07. Mud
I have been closely following Jeff Nichols' career since his Shotgun Stories debuted with a powerhouse Michael Shannon performance. His latest, Mud, is another notch on his belt as adroit and adept director. I won't rehash the story, aside from saying it's about childhood, friendship, and redemption. General idioms of independent film making but which here eschew derivative drivel. The cast is excellent, especially newcomer Tye Sheridan who would like people that argue "children aren't capable of great acting" to either second guess themselves or simply stay quiet. His portrayal of the main character, Ellis, is both powerful and subtle, and he puts on the face of a veteran for each of his scenes where he's allowed to explore trauma, glee, disappointment, anguish, hope with more ability than many adult actors currently in Hollywood's a-list. McConaughey is also great here, my favorite role of his since Frailty. He consciously plays against type for the film's benefit. This is a picture that reminds me of why I love movies in the first place, and I can't recommend it enough.

06. Out of the Furnace
I would call Out of the Furnace Christian Bale's penance for that last Batman fiasco. While that movie had no heart, plot-holes miles wide, a cast that, Tom Hardy excluded, mostly phoned in their work, and some of the laziest direction I've seen in high profile blockbuster fare, Out of the Furnace is the exact opposite. Scott Cooper has crafted a dour masterpiece here, bottled up with rage and frustration, anxiety and a hatred of apathy. His eye is impeccable, shown by his locations and knack for scenery to match the script he penned with Brad Ingelsby. The cast is icing on the cake. Bale is a reserved force who keeps himself in check until the point where he's given up and Casey Affleck has never been so unhinged. The dynamic between the two is natural, and their chemistry builds even more credibility. Harrelson's villain is likely his most vile character to date, also completely off the chain, personifying the terrifying esoterica of the Appalachian meth culture. The supporting cast as well, deserve nods, whether that be Zoe Saldana, Willem Dafoe, Forest Whitaker, Tom Bower, and especially Sam Shepard as the confidant and same time foil for Bales main character. It's a grim picture, with few happy moments, but that shouldn't deter people from checking it out, as doing so would be to miss out on a real gem of American film. We need more like, this, Hollywood, you'd do well to take notes.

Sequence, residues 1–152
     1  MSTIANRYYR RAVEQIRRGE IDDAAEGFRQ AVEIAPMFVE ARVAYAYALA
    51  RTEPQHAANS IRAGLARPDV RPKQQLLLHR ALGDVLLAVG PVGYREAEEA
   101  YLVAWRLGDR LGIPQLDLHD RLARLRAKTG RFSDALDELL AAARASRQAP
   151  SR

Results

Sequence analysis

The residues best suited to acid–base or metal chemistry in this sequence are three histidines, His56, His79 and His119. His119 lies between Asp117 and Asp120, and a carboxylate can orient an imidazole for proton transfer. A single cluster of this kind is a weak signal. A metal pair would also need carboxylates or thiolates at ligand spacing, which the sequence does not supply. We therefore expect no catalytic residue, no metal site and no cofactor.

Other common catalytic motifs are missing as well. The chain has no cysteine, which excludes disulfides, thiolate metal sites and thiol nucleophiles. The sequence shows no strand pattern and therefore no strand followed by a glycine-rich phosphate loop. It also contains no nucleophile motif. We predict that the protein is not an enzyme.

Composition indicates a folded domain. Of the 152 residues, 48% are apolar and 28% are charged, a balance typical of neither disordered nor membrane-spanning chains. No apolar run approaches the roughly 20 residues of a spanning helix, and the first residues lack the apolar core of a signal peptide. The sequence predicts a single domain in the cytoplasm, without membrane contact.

05. Spring Breakers
Harmony Korine's Spring Breakers seemed to be destined to be nothing more than a clever schtick of casting former Disney kids as promiscuous, misanthropic party girls. But it's the principle cast here that makes the whole thing work. Each of the actresses embraces the insanity of the premise and lends their respective roles believability, but it's James Franco's portrayal of Alien that sells it. Never before has Franco been so over the top, gone so whole hog into a flick, or been so horribly creepy yet charismatically endearing and naive. The narrative might go over your head, considering it's stuffed to the brim with bright colors and trippy music and Gucci fucking Mane, but it's there, with plenty of substnace itself. Korine has a lot to say about the children of the 21st century, wealth and excess, but it's buried in order to commercialize its fare... and not to its detriment, either. The whole picture just works, as mind bogglingly ridiculous the notion might seem on paper.

04. Lords of Salem